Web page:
Turkey has charged 20 suspects over the murder of the Saudi journalist Jamal Khashoggi in Istanbul in October 2018.
Prosecutors said an indictment accused former Saudi Deputy Intelligence Chief Ahmad Asiri and former royal aide Saud al-Qahtani with instigating the murder.
The 18 others are accused of carrying out the "deliberate and monstrous killing" inside the Saudi consulate.
Western intelligence agencies believe it was ordered by Crown Prince Mohammed bin Salman – something he denies.
A United Nations special rapporteur says Khashoggi was "the victim of a deliberate, premeditated execution, an extrajudicial killing for which the state of Saudi Arabia is responsible".
At the time of his death the 59-year-old worked for the Washington Post and had become a prominent critic of the Saudi government.
Saudi authorities blamed a “rogue operation” for Khashoggi’s death. In December, a court in the kingdom sentenced five unnamed people to death and jailed three more over the murder.
What are the charges?
According to the indictments, announced by prosecutors in Istanbul on Wednesday, Ahmad Asiri and Saud al-Qahtani were charged with "instigating the deliberate and monstrous killing, causing torment".
The prosecutors' statement accused 18 others of carrying out the killing - including a member of the Saudi Royal Guard, a forensics expert, and a Saudi intelligence official who has travelled with Crown Prince Mohammed in the past.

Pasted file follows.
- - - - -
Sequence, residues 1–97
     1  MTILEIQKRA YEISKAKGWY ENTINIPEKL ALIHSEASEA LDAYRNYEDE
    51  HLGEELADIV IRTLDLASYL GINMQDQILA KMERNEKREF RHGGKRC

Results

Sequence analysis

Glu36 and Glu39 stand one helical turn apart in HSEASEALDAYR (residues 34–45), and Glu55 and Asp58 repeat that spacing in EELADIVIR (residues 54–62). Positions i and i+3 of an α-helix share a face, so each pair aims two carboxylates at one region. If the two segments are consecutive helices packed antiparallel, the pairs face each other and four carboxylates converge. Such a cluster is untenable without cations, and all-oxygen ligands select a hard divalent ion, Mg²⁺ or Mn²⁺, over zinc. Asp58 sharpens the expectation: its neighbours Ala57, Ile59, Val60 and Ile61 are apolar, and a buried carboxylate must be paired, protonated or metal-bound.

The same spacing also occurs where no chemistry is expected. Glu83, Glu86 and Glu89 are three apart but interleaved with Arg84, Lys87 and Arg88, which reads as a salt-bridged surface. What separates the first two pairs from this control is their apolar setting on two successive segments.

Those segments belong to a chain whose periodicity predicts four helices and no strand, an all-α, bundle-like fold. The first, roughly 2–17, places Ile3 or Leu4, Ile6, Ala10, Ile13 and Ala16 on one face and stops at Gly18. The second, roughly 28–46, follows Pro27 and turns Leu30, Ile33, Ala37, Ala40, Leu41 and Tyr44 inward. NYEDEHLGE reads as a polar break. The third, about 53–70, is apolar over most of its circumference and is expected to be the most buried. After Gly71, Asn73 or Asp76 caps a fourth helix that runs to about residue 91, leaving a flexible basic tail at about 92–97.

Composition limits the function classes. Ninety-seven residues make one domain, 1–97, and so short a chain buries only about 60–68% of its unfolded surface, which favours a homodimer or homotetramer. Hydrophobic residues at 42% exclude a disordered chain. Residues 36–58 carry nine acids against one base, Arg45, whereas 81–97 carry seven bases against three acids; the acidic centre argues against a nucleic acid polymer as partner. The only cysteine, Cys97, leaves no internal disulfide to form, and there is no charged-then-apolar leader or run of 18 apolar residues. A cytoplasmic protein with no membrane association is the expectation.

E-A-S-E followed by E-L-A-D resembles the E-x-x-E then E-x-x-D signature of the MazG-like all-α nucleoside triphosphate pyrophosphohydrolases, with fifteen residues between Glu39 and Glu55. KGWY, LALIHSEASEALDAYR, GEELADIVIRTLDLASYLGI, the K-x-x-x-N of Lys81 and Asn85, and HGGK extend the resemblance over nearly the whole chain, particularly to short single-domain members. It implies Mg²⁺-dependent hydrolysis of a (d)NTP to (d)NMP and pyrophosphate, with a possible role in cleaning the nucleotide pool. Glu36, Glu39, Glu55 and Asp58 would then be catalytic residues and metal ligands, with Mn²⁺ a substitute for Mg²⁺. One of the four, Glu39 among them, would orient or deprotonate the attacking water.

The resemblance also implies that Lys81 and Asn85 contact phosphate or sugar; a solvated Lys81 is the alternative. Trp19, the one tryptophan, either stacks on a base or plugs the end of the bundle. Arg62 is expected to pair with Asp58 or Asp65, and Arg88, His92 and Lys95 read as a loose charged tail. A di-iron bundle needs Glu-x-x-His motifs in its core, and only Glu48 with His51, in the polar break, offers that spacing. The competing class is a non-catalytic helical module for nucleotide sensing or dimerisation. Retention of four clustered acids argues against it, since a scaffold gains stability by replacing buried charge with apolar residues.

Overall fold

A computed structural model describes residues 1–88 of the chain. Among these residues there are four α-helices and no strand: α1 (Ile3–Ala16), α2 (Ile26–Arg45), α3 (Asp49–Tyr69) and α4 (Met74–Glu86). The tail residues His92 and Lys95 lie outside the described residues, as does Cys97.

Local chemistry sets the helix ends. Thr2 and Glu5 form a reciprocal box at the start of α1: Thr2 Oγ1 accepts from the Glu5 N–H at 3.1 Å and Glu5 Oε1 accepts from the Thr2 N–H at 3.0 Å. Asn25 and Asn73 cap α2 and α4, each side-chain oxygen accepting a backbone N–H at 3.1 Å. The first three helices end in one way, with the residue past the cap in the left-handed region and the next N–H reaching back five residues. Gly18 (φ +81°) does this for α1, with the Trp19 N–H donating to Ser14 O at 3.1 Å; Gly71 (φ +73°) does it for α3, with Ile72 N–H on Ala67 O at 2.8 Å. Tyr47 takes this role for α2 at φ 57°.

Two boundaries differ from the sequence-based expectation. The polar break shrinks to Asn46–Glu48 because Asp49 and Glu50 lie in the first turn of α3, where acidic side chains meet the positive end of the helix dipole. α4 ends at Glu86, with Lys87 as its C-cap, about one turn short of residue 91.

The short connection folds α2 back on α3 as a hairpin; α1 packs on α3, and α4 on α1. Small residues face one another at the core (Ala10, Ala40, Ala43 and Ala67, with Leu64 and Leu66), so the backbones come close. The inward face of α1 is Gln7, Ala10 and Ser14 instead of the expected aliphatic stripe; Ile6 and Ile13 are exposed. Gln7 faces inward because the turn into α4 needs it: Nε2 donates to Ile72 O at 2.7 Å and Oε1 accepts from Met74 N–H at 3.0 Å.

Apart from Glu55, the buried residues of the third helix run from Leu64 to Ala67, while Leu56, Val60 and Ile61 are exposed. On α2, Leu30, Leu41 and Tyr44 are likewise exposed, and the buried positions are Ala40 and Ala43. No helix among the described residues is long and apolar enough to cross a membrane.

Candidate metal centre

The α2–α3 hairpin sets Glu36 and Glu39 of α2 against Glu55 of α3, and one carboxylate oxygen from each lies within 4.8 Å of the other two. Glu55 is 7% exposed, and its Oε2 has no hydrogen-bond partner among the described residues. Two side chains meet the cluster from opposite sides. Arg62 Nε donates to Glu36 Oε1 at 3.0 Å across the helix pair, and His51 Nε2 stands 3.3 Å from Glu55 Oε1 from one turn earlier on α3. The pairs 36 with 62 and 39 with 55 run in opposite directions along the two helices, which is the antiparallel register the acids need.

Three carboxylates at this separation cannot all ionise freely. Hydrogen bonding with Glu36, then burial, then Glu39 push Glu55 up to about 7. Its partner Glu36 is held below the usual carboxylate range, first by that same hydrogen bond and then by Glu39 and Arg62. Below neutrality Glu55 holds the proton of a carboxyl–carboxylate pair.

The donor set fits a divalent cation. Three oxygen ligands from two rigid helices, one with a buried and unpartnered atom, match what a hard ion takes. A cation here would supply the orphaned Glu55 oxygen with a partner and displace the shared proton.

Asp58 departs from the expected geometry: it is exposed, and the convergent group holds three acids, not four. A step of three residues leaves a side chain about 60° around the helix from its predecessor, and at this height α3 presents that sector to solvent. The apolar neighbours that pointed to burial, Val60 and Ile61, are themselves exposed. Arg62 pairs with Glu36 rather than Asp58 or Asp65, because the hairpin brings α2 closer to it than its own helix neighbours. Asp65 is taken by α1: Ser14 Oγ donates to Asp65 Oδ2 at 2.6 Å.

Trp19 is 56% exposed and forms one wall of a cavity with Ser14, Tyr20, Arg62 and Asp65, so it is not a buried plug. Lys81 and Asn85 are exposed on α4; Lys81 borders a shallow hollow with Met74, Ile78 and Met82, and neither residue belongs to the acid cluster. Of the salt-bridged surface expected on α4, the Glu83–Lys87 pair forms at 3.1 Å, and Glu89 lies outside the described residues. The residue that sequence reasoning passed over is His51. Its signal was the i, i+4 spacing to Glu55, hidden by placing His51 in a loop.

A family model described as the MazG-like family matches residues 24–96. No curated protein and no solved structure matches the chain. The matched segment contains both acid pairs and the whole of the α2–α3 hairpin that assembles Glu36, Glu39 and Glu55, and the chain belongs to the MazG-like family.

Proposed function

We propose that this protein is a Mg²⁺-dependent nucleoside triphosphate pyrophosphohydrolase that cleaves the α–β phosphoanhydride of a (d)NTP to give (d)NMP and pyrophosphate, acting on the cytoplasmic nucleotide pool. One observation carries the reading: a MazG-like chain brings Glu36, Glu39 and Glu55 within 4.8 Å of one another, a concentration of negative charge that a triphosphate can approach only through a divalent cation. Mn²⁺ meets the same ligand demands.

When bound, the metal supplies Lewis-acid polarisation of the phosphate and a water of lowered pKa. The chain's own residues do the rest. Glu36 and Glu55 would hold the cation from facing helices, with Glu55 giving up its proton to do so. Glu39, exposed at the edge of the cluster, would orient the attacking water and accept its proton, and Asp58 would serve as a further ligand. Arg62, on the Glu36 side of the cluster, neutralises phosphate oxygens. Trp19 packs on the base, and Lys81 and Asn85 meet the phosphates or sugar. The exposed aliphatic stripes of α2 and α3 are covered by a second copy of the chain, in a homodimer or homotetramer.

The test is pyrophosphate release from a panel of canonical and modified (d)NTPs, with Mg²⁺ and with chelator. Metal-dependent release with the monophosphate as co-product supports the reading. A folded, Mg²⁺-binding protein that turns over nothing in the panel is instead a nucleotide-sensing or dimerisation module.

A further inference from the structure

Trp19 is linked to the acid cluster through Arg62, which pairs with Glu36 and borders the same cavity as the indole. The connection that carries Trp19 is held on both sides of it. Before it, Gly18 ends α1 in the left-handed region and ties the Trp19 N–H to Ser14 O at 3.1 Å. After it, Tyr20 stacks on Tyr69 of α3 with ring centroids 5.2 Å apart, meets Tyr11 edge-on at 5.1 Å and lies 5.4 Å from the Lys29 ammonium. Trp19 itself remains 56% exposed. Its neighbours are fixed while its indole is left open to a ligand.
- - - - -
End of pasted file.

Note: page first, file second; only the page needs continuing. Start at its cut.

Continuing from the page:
The charges were based on witness statements, an analysis of Khashoggi’s digital devices, and records of the people entering and leaving Turkey, the statement said.
Saudi Arabia has not yet made a public comment about the indictments.
What happened to Jamal Khashoggi?
The journalist – who had gone into self-imposed exile in the US in 2017 – went to the Saudi consulate in Istanbul on 2 October 2018, seeking papers to marry his fiancée Hatice Cengiz.
Investigators believe that as she waited outside, the 59-year-old was murdered and then dismembered. Khashoggi’s remains have never been found.
The gruesome killing shocked the world and UN Special Rapporteur Agnes Callamard said there was credible evidence that Crown Prince Mohammed and other high-level Saudi officials were individually liable.
She called for an independent and impartial international inquiry.